The first day of school is just around the corner, meaning morning and afternoon commutes are about to get a little longer. From buses to bikes, students and staff from the Guilderland Central School District use a wide range of modalities to get to and from school every day. For those who walk or ride their bikes, that commute is now safer and easier thanks to the newly constructed sidewalks that connect Pine Bush Elementary School to Route 146.
A joint press conference with Assemblywoman Patricia Fahy, Superintendent of Schools Dr. Marie Wiles, Pine Bush Elementary Principal Christopher Sanita, GCSD Transportation Director Inho Suh, Counsel to the Albany County Executive Jeff Jamison, and Guilderland Police Chief Dan McNally was held on Thursday, Aug. 31 to highlight the new infrastructure and remind the public to drive safely as classes resume next week.
According to the National Highway Traffic Safety Administration, the hours immediately before and after school are classified as the most dangerous times for pedestrians. Before the sidewalks were constructed, students and staff who walked or rode their bikes to school had few safe travel options. As a result, the chances of a traffic or pedestrian accident occurring increased exponentially. At Thursday’s press conference, Assemblywoman Fahy stated approximately “300 pedestrian deaths nationwide happened last year alone.” The new sidewalks ensure Guilderland families have a safe, non-driving option to get to school.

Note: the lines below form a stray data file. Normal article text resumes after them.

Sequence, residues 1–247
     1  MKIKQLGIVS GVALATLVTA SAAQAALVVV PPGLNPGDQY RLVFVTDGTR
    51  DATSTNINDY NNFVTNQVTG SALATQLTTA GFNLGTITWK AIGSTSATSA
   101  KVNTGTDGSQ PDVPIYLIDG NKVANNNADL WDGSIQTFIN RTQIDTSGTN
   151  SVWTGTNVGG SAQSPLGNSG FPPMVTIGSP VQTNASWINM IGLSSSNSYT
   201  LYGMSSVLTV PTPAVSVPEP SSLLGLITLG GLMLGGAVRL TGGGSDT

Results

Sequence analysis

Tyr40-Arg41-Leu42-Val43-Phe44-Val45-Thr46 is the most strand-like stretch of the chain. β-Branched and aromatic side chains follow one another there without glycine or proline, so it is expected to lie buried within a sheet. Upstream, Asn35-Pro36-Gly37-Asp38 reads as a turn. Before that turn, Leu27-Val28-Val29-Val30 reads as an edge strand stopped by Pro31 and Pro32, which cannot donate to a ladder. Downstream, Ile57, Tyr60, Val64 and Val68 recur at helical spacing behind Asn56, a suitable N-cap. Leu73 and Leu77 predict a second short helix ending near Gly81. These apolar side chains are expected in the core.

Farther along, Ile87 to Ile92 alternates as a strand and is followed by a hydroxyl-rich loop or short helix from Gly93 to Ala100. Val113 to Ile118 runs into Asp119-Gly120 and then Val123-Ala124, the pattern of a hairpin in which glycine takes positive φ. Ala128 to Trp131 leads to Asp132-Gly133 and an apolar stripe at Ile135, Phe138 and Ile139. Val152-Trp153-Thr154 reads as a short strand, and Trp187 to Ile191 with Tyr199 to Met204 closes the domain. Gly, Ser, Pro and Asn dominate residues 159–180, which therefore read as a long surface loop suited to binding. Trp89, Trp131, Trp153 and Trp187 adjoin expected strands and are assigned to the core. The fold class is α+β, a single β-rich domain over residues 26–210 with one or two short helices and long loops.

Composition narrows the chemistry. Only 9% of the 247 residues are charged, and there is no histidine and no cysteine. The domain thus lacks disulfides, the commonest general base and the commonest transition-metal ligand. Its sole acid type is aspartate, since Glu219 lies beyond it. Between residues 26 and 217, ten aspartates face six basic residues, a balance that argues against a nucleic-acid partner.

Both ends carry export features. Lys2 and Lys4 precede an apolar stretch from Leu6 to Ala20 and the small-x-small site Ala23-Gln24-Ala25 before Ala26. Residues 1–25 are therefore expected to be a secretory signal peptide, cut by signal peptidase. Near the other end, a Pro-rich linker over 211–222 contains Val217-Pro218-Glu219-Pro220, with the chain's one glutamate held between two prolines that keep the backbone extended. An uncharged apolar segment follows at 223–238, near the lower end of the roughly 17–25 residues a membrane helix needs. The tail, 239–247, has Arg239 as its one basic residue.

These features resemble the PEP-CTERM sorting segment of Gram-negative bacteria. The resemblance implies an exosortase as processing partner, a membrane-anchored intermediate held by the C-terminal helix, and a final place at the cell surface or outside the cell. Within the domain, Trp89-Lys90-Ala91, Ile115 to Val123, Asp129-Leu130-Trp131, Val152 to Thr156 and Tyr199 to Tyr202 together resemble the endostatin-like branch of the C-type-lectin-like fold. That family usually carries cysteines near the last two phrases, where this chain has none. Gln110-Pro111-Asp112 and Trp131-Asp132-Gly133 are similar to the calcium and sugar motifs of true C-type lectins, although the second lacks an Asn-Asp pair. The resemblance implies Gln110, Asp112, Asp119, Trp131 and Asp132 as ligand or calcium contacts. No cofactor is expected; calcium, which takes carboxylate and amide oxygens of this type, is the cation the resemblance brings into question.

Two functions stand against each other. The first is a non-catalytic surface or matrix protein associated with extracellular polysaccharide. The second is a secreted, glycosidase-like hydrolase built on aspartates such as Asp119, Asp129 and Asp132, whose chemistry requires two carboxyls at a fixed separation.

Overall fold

“A large part of the district’s mission is to ensure students feel safe,” Pine Bush Elementary Principal Christopher Sanita said. “This leads to success. Removing barriers such as a lack of safe sidewalks can make great strides towards this goal.”
Speeding and distracted driving also contribute to accidents, especially around school buses or in school zones. GCSD was one of the first districts in the Capital Region to incorporate stop-arm cameras on its school buses. Drivers caught passing or not stopping for school buses will be ticketed and face some of the steepest fines ever enacted by the state legislature.
There are no shortcuts when it comes to safety; it takes a team to devise and implement strategies to change negative behaviors.
“Our very first responsibility is to keep each and every one of our students safe, and to do that, we cannot do that alone. We have to work like a village to make sure we have everything in place,” said Guilderland Central School District Superintendent Dr. Marie Wiles.
The district’s partnerships with Albany County, the state legislature and the local police department ensure an issue like traffic safety is tackled from all perspectives and the right resources are appropriated. For example, the Guilderland Police Department will “increase its patrols at pickup and drop off times to help provide additional security” once school is back in session next week.
With just six days left until the first day of school, GCSD is encouraging everyone to be aware of their surroundings, drive safely and to always stop for flashing red lights.